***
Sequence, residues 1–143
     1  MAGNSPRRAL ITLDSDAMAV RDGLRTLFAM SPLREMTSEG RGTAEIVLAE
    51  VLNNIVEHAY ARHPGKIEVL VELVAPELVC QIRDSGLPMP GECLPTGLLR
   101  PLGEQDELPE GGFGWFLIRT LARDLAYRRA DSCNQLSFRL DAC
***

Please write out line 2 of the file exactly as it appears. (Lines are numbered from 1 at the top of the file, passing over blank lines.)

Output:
     1  MAGNSPRRAL ITLDSDAMAV RDGLRTLFAM SPLREMTSEG RGTAEIVLAE